- Manufacturer: Square Soft
Oh yeah! The same company that brought you Final Fantasy III has broken through with their first title developed completely in the US. This 24-meg monster throws the player into the fantasy world of Evermore, once a peaceful place, now a nightmare gone haywire. The game boasts SGI rendered 3-D graphics and the same sprawling storyline and incredible music we've come to expect from Square. Expect it some time in May.
Secret of Evermore is a game released by Square Soft in North America back in 1995 and in Europe and Australia one year later. Secret of Evermore is a role playing video game for the Super Nintendo Entertainment System (SNES) following a boy and his pet dog in their journey to a fantasy world created by an eccentric inventor. Both the boy and the dogs are controlled by the player through the world of Evermore, composed of separate realms. The gameplay is quite similar to the one in Secret of Mana, featuring real-time battles, a ring-shaped menu and the option to briefly switch between two characters.
The game is the only installment released by Square in North America and was criticized for not being up to the standards with the developer advertisement.
The gameplay consists of an aerial view setting, with the boy and the dog navigating the terrain and fending off hostile creatures. Because the player can only control one character at a time, the other one is always controlled by the artificial intelligence. The player can find refuge in towns or cages, where they can also regain hit points and even purchase restorative items and equipment.
The player collects experience points in battles which can improve their level and stats, such as evasion and strength. The equipment can be changed, the status of the characters can be quickly checked by using the Action Ring system, idea introduced for the first time in the Japanese game Secret of Mana. The battles take place in real time. Each time a pre-set amount of damage will be done to and enemy, depending on the weapon and not only.
Each time a weapon is used or the character runs it causes the gauge to fall at 0%. Afterwards this should quickly recharge. The main idea is really good, pointing out a in real life a weapon will not be able to recharge automatically so fast.
There are four different weapons in the game: swords, spears, axes and bazookas. Most of them have their own four versions, and using them repeatedly will increase the player’s skill with that weapon. By using a specific weapon for a long time the player can increase the attack range, for example for a spear.
There are four worlds in the game: Prehistoria, Antiqua, Gothica and Omnitopia, and the shopkeepers in e ach of them take different kinds of money.
Secret of Evermore was a really popular game back when released, just like Secret of Mana. No less than 725 users voted the game on GameSpot with a total average of 8.6, while four critics rated it with 8.1 out of 10.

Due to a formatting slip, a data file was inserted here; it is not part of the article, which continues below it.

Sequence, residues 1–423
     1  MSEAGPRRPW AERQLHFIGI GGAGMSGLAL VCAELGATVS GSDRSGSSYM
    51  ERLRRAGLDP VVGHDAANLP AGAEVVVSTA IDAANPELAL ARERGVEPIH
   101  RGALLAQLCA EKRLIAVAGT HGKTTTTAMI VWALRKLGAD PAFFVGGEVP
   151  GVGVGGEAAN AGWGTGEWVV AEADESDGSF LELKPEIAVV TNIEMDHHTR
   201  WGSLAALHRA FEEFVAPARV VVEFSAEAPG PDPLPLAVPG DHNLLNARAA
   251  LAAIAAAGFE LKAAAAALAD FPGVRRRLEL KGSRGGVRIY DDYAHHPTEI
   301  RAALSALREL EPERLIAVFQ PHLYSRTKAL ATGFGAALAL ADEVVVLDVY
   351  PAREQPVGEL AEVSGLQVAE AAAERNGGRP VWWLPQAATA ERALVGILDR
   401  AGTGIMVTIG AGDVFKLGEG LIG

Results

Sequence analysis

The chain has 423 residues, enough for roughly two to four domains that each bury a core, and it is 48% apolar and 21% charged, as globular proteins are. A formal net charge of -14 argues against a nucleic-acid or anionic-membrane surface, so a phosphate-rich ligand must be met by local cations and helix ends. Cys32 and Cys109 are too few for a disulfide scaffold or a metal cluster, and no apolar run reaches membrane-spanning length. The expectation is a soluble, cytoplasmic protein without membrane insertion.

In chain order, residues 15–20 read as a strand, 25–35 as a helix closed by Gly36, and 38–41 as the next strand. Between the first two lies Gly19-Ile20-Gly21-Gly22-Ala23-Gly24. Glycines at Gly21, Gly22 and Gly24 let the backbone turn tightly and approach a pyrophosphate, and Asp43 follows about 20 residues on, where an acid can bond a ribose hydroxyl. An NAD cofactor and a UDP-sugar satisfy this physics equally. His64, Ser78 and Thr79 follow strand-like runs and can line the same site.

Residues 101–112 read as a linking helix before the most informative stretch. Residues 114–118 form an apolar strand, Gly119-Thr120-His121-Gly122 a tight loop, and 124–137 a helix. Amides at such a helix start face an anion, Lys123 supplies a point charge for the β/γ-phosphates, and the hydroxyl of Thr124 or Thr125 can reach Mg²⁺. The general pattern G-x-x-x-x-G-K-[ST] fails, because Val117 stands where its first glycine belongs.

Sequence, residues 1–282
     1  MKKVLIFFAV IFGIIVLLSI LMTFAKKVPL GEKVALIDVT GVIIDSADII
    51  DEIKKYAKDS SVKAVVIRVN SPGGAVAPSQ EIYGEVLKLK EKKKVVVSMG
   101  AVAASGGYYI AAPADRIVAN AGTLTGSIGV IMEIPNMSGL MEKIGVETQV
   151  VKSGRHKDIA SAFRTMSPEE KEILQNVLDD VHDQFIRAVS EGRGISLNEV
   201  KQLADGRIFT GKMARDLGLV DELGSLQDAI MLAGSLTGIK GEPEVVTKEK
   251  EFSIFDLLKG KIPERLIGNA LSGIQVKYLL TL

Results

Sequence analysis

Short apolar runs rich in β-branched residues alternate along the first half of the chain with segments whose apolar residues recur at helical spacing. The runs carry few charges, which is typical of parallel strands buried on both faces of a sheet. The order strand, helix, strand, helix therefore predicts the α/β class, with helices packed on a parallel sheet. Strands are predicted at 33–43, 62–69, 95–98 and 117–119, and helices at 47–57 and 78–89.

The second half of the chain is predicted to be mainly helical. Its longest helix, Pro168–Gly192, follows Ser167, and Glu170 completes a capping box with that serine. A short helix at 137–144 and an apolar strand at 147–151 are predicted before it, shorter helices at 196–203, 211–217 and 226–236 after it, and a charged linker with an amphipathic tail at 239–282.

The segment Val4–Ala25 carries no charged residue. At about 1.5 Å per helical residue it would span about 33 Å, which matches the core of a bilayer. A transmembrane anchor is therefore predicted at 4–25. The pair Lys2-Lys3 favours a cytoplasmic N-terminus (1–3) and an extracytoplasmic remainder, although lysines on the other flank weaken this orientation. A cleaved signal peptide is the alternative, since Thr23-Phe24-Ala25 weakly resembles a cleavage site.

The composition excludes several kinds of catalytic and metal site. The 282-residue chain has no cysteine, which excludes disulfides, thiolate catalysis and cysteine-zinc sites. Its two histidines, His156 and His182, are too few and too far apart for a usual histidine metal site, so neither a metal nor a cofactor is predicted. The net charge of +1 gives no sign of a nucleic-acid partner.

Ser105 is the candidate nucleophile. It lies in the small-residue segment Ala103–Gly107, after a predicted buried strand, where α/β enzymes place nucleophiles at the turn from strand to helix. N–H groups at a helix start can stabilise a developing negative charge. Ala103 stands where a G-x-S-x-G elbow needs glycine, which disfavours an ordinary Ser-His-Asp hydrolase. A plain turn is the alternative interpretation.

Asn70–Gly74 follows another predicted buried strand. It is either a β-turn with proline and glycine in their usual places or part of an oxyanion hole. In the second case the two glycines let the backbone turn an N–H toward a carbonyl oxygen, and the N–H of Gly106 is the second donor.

Secret of Evermore follows the adventures of a brave boy and his dog. A scientist creates the world of Evermore so he and his pals can live there in peace and harmony. Unfortunately, an evil entity has different ideas....
Enter the young lad. While exploring the abandoned house of the scientist, they unknowingly get thrust into the world of Evermore. Now, they must find out the secrets of Evermore in order to save it and themselves.
The Secret Of Evermore is a perfect example of what makes an exemplary RPG. You've got an interesting cast of supporting characters, tons of mon- / sters and things to do. Also, all combat is in real time, which is key because nothing is more tedious than round after round of turn-based combat.
Weapons aren't your only mode of attack. Much like Ultima, you can mix certain ingredients (which are found throughout Evermore) to create magical effects. To learn such spells, you must find alchemists and speak to them about the necessary ingredients.
A unique feature that adds a new dimension to the gameplay is your dog. There are two things that you can do with the pooch that will help you greatly in your quest. One is that you can use him as the main character, instead of the boy. This is helpful when the boy gets weak because the computer-controlled characters are less likely to be struck in battle. The other clever feature is the ability to change the dog's function during the game. There is a meter which you can move to the right or left to change his primary function. Move it towards the left and the dog will spend more time sniffing out hidden objects and ingredients. Move it to the right, and he will concentrate on attacking monsters, to lessen your burden.
Secret of Evermore is also an important game because it's the first SquareSoft title to be developed in America. No longer do you have to wade through poorly translated dialogue and weird Japanese cultural references. Those good old boys from the U.S. of A. have made a game that s easier on the American palate as well as chock full of American B-movie references.
All in all, Evermore is a superb game. With plenty of stuff to do and places to explore, it's one of the most dynamic RPGs to come out this year.